Something Wild

A couple of weeks ago my husband and I spent some time at our cabin in Island Park. I enjoyed seeing the wildflowers on our drive there and around the cabin once we arrived, but they seemed sparse, and I feared I had missed the peak of the wildflower display this year. Then we decided to take a drive and try to find the trailhead of a hike my husband had heard about. This adventure took us well off the beaten path to a road so remote that the only other people we saw were forest service employees practicing a drill. Along this road the wildflowers were still in their prime. Thank goodness I have a patient husband who dutifully slammed on the brake every time I yelled, "Stop!" Otherwise I wouldn't be able to share this little taste of the beauty we saw.

The bright color of paintbrush always catches my eye, but I have seldom seen is growing as thickly as it was here. My camera didn't do the display justice. Bright orange-red paintbrush grew back into the trees for as far as I could see.

I have always know this wildflower as fleabane, but my wildflower book refers to it as showy daisy--a much nicer sounding moniker. Despite its dainty appearance, this is one tough plant. I have seen it growing on the very edge of dusty gravel roads in dirt packed so hard it would be hard to get a shovel in it.
     Like the paintbrush, this flower was growing in thick clusters.

 Lupine, a perennial favorite, wasn't growing as thickly as I have sometimes seen, but it did make an appearance.

Sticky geranium is one of my all time favorites. It is closely related to varieties of domestic perennial geraniums, which I use in nearly every landscape design I do. It is long blooming, and its foliage turns bright orange in autumn.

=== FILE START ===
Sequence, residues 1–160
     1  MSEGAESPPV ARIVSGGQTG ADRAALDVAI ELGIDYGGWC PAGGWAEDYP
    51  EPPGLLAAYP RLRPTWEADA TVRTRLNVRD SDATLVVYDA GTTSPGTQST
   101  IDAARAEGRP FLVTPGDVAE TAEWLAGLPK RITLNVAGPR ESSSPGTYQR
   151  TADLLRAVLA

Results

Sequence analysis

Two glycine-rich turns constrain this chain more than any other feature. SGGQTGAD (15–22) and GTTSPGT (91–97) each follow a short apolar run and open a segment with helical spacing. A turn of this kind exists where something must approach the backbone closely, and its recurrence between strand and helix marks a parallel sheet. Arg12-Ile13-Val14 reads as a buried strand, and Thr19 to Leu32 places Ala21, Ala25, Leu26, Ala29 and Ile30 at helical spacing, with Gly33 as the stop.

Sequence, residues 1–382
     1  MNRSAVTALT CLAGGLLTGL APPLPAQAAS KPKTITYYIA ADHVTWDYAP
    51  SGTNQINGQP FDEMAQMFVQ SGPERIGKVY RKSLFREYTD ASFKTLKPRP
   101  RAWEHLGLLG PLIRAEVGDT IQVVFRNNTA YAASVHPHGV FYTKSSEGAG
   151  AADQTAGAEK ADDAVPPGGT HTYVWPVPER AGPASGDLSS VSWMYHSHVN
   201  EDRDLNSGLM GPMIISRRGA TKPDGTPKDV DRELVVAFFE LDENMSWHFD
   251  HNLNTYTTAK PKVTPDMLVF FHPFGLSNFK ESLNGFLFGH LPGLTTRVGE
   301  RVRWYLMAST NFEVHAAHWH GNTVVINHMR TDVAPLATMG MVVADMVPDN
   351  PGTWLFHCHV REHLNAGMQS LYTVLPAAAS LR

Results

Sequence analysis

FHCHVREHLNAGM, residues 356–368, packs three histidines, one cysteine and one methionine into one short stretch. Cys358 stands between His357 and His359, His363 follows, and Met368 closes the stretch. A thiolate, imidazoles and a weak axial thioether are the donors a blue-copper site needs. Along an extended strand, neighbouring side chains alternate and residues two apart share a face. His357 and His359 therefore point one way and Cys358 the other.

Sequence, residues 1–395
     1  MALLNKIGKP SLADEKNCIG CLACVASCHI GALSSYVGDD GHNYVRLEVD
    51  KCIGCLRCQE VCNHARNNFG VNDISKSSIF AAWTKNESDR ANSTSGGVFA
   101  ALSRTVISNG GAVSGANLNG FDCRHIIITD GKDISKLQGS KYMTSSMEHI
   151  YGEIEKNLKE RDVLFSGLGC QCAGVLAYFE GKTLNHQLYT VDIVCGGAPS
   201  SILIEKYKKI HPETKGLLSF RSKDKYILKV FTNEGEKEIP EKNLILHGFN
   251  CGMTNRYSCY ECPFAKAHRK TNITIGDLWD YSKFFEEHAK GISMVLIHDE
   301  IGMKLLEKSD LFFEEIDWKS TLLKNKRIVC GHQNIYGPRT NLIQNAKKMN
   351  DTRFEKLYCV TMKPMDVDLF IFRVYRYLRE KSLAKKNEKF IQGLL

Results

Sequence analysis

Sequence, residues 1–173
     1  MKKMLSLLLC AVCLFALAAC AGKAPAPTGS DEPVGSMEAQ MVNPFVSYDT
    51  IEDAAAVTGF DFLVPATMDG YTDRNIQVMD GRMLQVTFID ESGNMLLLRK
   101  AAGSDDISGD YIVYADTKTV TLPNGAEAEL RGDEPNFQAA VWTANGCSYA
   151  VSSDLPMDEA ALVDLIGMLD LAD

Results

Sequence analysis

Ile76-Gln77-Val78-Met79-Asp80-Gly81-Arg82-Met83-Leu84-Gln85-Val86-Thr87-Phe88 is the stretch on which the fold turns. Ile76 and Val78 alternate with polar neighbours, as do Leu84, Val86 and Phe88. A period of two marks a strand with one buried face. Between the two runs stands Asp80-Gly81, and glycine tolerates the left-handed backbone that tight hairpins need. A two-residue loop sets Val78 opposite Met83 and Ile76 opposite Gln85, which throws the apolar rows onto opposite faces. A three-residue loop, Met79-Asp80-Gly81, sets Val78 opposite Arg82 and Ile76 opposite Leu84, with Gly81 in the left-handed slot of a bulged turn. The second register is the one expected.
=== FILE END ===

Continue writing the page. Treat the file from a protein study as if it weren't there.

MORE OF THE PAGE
In the wild I have only seen sticky geranium with purplish-pink flowers. That is until this trip. Here I found white flowered geraniums growing along side the more common ones.
Fireweed is so named because it grows back quickly and thickly after an area has been burned by forest fire. But it grows in unburned areas as well, and is another favorite of mine (I seem to be saying that a lot.)
I think this flower is angel parsley, but I'm not sure because there are several wildflowers that look similar to this. Its the massive size of this one that makes me think it is angel parsley, which can grow to be 5 feet tall. This one was just about that big.
This plant has a flower similar to angel parsley, only much smaller. I'm not certain what it is, maybe Queen Anne's lace?
Many homeowners in southeastern Idaho have potentilla bushes growing in their yards. This flower, cinquefoil, is a relative of that bush, but has a herbaceous form. Still, you can see the resemblance in the flowers.
Wild larkspur looks identical to the larkspur grown in flower gardens. It is a relative of and smaller version of delphinium.

We were on our way out of the forest when I spotted a patch of sego lilies. I grew up hearing stories of how the Mormon pioneers survived their first year in Utah by eating the bulbs of this plant.
I've shown you pictures of individual flowers, and in some places we passed a single species of flower dominated. But in many other places, multiple species grew together in a meadow size bouquet.

        In case you are wondering, we never did find the trailhead we started out to look for, but I think you will agree after seeing these pictures, our drive wasn't wasted.


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